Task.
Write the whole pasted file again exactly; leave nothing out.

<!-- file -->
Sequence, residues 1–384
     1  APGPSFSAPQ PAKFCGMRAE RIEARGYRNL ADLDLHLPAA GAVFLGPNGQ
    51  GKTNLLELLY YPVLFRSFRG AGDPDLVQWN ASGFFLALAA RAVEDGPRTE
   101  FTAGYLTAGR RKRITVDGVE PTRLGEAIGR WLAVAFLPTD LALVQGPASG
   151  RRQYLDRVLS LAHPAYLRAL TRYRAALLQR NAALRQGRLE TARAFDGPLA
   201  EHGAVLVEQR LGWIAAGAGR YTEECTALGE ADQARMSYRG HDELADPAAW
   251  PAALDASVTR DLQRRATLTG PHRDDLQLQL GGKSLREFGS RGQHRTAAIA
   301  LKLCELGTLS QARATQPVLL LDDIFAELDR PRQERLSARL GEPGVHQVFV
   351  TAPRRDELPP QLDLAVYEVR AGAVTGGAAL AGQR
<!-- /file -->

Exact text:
Sequence, residues 1–384
     1  APGPSFSAPQ PAKFCGMRAE RIEARGYRNL ADLDLHLPAA GAVFLGPNGQ
    51  GKTNLLELLY YPVLFRSFRG AGDPDLVQWN ASGFFLALAA RAVEDGPRTE
   101  FTAGYLTAGR RKRITVDGVE PTRLGEAIGR WLAVAFLPTD LALVQGPASG
   151  RRQYLDRVLS LAHPAYLRAL TRYRAALLQR NAALRQGRLE TARAFDGPLA
   201  EHGAVLVEQR LGWIAAGAGR YTEECTALGE ADQARMSYRG HDELADPAAW
   251  PAALDASVTR DLQRRATLTG PHRDDLQLQL GGKSLREFGS RGQHRTAAIA
   301  LKLCELGTLS QARATQPVLL LDDIFAELDR PRQERLSARL GEPGVHQVFV
   351  TAPRRDELPP QLDLAVYEVR AGAVTGGAAL AGQR